Peko is a fan of Ngata’s, too. They both came out of the 2006 draft and both have island ancestry. Peko is Samoan and Ngata is Tongan. When they talk, it is after games.

“He seems like a nice guy,” Peko says. “Great player.  You’ve got to remember that he came out in the first round and was big at Oregon.”

The Ravens traded up to get Ngata in that first round. The Bengals took Peko in the fourth round out of Michigan State. But he’s every bit as important to the Bengals as Ngata is to a Ravens defense that has finished in the NFL’s top five against the run six times in his eight seasons. Peko hasn’t missed a game since he sat out December of ’09 with a knee injury and his current streak of 67 straight starts leads the club. His brute strength and endless motor is a big feature of a Bengals run defense that has a No. 5 finish of its own last year.    

“Domata leads the charge,” Guenther says. “He does whatever we ask him to do. Whenever I install anything or change anything, how it impacts the line is my first thought. They make what we do go.”

Stopping the run is the cardinal rule, the one fundamental that must be executed to let loose the Bengals vaunted pass rushers.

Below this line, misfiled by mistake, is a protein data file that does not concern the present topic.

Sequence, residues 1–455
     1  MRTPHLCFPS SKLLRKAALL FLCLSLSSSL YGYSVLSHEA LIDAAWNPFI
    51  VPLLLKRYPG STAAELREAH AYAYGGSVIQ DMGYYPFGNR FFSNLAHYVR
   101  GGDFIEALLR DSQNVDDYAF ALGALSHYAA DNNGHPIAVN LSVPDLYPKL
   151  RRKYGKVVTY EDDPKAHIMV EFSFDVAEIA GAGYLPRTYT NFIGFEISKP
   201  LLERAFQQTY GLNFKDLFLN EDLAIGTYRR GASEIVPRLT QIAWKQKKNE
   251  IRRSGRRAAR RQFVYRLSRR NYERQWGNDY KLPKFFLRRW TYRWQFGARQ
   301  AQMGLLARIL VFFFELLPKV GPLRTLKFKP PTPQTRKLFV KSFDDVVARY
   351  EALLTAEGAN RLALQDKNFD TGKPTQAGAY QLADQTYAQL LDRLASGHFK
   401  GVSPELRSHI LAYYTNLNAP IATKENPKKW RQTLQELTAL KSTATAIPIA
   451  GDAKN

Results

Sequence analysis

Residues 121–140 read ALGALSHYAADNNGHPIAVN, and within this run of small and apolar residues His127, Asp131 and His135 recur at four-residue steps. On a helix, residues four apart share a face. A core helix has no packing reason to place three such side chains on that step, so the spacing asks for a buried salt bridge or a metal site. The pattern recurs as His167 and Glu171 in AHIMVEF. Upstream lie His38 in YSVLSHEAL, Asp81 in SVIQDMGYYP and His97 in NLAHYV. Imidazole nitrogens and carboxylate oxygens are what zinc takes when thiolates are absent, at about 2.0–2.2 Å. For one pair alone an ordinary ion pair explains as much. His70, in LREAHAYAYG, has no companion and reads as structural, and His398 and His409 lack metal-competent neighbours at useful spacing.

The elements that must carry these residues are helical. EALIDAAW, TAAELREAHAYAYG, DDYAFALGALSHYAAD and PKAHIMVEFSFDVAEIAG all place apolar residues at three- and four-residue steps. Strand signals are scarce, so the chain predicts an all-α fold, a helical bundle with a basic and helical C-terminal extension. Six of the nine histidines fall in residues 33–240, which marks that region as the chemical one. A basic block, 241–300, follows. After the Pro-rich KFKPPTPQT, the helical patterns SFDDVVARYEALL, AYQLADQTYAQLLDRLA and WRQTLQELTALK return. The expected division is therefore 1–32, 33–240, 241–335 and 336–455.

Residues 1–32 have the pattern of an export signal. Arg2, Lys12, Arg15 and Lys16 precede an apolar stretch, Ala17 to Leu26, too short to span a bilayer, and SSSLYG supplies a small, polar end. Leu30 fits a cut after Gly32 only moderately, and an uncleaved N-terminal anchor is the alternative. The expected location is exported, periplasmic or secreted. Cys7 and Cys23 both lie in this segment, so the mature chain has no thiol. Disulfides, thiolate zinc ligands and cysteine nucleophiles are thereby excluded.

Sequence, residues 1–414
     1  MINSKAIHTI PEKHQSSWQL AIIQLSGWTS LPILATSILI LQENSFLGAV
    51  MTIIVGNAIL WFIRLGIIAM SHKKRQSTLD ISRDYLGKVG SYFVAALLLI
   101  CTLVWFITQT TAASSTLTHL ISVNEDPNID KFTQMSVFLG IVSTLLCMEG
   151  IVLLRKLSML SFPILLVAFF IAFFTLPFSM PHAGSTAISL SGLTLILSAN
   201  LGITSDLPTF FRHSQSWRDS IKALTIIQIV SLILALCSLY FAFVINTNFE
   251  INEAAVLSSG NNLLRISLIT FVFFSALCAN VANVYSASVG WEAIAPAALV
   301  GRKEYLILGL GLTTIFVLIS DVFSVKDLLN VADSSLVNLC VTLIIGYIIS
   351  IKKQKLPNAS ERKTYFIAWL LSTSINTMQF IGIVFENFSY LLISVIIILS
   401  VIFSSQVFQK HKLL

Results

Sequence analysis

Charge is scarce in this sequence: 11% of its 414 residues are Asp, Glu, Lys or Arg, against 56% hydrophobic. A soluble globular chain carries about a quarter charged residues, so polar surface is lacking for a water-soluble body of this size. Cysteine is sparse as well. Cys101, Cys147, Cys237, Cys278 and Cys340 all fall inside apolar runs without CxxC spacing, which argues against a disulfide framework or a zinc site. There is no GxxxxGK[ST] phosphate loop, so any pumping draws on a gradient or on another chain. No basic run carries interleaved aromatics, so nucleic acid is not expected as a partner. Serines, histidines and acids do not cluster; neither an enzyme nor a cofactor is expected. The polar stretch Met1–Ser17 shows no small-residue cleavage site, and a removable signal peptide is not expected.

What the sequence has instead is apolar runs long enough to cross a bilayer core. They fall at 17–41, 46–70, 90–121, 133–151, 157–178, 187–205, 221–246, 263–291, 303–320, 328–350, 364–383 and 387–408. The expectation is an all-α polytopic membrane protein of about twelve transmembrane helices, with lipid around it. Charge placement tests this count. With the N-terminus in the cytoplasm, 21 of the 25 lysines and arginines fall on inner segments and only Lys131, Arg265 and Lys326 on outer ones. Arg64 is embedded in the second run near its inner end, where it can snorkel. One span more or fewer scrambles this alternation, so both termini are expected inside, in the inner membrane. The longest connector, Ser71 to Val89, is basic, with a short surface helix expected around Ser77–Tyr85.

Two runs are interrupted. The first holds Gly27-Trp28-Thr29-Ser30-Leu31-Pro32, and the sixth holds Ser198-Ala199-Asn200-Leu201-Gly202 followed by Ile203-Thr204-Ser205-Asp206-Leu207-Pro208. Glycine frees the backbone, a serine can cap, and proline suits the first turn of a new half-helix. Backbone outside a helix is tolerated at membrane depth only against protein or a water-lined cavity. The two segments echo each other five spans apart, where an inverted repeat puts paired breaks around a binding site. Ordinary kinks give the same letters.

“Nose tackle in this defense is a selfless job,” Peko says. “If my job is to take on the double teams and let our linebackers run free, then that’s my job. I’m just going to keep grinding and do my part.  I’ve been playing at a high level for a long time… (but) this defense isn’t about one player. It’s about a brotherhood striving for a goal.

"As long as the people within these four walls respect what I'm doing, that's all that matters."

There have been dents in the pride against the run. In the 2012 season finale the Ravens rolled up more than 200 yards rushing. In the two Wild Card losses to Houston at the end of ’11 sand ‘12, the Texans averaged about 165 yards on the ground. Last year the Chargers rolled up nearly 200 yards rushing in that Wild Card loss.

The Ravens may not have running back Ray Rice Sunday, but guess who is the Ravens new offensive coordinator?

Gary Kubiak, the former Texans head coach, is the author of the stretch zone that gave the Bengals fits. The Bengals allowed a brutal Baltimore running game barely three yards per last year in the two games, but Guenther knows they will be better running the ball even without Rice.

“We’ve gone back and watched the Houston tape,” Peko says. “I think this game comes down to stopping the run. We know what it means. We know how important it is. We can’t let them run the ball.”

The panacea to stop the stretch play before running back Bernard Pierce make his one cut is as simple as Peko’s outlook up front. The Bengals have to knock the Ravens offensive line back and set the edges.

Right where Peko lives.

“We know we have to start fast Sunday. We have to bring our lunch pails and hard hats and play hard all day,” Peko says. “I love it.”